[Editor's Note:  One day after writing his blog, Flood of Hope, Andrew Schorr received a warm and welcome response from one of oncology's most renowned experts, Dr. William Wierda.  The following is a copy of Dr. Wierda's email.]

Dear Andrew,

I just read your blog and concern about us in Houston, and I wanted to reach out to you and let you know that we are doing well and give you a report on what has been happening.

It has been a difficult past several days, and we have had many struggles and challenges, but we are very rapidly recovering. MD Anderson did not sustain significant damage, so our physical Institution is relatively intact. There was brief flooding in certain areas of MDACC, that was quickly contained. However, we have had many struggles with our staff and providers, whose houses were flooded and damaged. This, and difficulties with transportation and child care, have made it hard for people to get into the Texas Medical Center and MDACC. Despite this, there are many, many stories of our providers and staff staying in the hospital to ride out the storm, and returning to work to help our patients, despite personal loss in some cases. 

I am profoundly humbled by what our providers and staff have done to keep things running and enable us to continue to take care of patients. I have been managing the clinical operations for the Departments of Leukemia, Lymphoma and Stem Cell Transplant, and from the time the storm began, we were able to maintain an exceptional level of care for our hospitalized patients. There was about 24hrs on Sunday, where the entire Texas Medical Center was flooded, and essentially there was a “moat” of waist-to-chest high water surrounding the Texas Medical Center that was impassable. There were no boats and no vehicles, but there were some very brave providers who waded through this to get into the hospital to take care of patients. I and other physicians were managing things over the phone and internet with nurses and providers in the hospital on Sunday, because thankfully, many did not lose home electricity or cell phone coverage. I live less than a mile from MDACC and could not safely drive in on Sunday.

Early Monday morning I was able to get into the hospital to make sure that all the hematologic malignancy patients were being well taken care of. I spent the night in the hospital, like the days when I was a resident, and have spent nearly all the time at MDACC since Monday. We quickly developed a plan to call outpatients, mostly with acute leukemia and patients who had undergone transplant, who we knew had low blood counts and likely needed blood or platelet transfusions, to bring them in on Tuesday for labs and transfusions. Patients out of the hospital have also suffered, and many had difficulties getting to the hospital, but on Tuesday we were able to get about 35 patients into the clinic, and nearly all of them received transfusions. We were able to more than double this number on Wednesday, as more hospital and clinic staff were able to come in to work and help. This experience has highlighted for me the critical importance of EVERYONE who works in the hospital, including housekeeping, phlebotomists, laboratory and radiology technicians, pharmacists, nurses, clerical staff, physician assistants, and doctors. We cannot take good care of patients without EVERYONE.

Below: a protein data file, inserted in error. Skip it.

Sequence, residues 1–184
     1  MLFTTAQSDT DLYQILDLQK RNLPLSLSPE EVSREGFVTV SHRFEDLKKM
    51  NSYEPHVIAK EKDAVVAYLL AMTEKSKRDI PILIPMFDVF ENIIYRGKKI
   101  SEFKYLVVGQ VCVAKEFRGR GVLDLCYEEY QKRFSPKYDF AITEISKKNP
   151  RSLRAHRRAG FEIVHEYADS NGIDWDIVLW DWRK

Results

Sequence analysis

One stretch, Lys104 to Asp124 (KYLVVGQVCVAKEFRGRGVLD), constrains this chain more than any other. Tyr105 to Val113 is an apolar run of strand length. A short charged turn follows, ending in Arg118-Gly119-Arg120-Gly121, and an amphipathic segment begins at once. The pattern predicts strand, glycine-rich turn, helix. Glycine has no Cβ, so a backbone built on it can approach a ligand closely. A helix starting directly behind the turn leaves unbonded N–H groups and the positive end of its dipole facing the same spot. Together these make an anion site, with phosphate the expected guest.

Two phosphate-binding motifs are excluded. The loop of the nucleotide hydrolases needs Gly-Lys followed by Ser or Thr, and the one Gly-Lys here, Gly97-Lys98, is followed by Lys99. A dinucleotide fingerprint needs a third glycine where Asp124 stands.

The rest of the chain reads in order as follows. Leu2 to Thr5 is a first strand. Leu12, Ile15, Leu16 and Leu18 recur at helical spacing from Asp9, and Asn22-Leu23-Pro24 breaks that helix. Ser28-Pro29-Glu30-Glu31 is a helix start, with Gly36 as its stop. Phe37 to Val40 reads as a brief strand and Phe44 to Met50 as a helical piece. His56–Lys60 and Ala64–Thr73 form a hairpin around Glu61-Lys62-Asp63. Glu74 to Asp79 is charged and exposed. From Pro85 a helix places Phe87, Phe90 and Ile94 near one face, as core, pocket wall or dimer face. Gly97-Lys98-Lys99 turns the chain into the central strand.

Today is Thursday and we were able to open a Hematologic Malignancy outpatient clinic to see critical patients who needed transfusions, IV fluids and antibiotics. We saw all the patients we could reach and who could come in. Our physician assistants, nurses and clerical staff have been extremely helpful in reaching out to patients by phone and working to get those in, who we knew needed to be seen. Our Emergency room has remained open, but again, patients have had difficulties with getting to MDACC.

Tomorrow (Friday) we will hold individual Leukemia, Lymphoma, and Stem Cell Transplant Clinics (our regular clinics), to see patients who we were able to contact and who can come in to be seen. Over this three-day holiday weekend, MD Anderson will be calling patients to come in and be seen, as we are able to expand clinics with our staff and providers who are able to return to work. 

I am relieved and happy to say that we expect MDACC being back to 100% operations by Tuesday across all clinical areas. Next week will be very busy in all areas and there will likely be delays, since there are literally thousands of patients who could not be seen this week and need to be seen, in addition to those previously planned to come in next week. We will work hard to manage this and do our best. 

It has been a remarkable past several days, and I am so very humbled to see all that people are doing for others to help one another. There have been countless accounts and stories of people rising to the occasion and this continues. There is still much recovery needed, particularly for our staff, providers and patients whose homes have been damaged, but we are strong and determined to help one another.

I’m sure you have seen the news reports of many, many affected people in Texas, many of whom have had significant losses and face the challenge of recovery. This was my 3rd hurricane since living in Houston, with the worst flooding by far.

I hope you are doing well. I have seen some of your streaming Facebook Live sessions.

Thank you for sharing your personal story with patients and providing invaluable information and support for your community.

Best Wishes,

Bill [Dr. William Wierda]

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